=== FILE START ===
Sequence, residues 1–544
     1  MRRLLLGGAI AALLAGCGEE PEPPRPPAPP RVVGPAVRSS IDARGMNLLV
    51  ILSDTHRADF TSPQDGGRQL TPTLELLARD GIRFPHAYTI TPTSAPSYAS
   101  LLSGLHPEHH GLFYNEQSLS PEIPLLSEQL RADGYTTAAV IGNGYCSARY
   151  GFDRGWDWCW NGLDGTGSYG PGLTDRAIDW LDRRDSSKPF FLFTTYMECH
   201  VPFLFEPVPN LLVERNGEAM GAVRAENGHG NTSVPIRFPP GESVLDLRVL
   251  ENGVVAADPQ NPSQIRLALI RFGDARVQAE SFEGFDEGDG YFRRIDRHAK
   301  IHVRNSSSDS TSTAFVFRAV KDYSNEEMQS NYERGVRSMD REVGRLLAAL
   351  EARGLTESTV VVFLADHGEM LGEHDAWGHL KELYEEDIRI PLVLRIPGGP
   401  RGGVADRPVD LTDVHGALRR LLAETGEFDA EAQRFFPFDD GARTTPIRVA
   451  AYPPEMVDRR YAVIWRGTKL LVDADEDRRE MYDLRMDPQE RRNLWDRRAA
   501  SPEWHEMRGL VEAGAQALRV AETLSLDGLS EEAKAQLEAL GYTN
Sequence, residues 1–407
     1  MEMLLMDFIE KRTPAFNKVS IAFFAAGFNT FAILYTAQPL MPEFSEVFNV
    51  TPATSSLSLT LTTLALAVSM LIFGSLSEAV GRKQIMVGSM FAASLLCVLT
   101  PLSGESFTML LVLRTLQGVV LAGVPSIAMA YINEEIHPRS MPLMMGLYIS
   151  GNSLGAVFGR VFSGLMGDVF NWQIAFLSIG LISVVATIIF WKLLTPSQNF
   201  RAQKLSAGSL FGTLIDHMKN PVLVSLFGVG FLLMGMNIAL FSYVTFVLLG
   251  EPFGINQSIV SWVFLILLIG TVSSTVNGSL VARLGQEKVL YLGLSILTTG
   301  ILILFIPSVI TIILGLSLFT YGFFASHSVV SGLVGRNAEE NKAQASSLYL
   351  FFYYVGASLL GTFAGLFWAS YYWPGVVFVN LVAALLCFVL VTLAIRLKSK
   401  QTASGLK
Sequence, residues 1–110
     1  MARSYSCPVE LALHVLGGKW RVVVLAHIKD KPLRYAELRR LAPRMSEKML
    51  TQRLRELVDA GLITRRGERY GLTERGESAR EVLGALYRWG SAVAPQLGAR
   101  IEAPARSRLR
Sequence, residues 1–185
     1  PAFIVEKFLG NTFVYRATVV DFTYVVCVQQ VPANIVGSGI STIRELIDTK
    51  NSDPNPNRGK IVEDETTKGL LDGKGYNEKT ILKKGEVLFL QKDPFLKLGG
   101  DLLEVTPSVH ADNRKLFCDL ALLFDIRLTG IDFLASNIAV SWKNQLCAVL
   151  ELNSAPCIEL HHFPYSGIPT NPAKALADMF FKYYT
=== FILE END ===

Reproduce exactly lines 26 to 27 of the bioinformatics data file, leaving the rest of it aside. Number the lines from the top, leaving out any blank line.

   101  IEAPARSRLR
Sequence, residues 1–185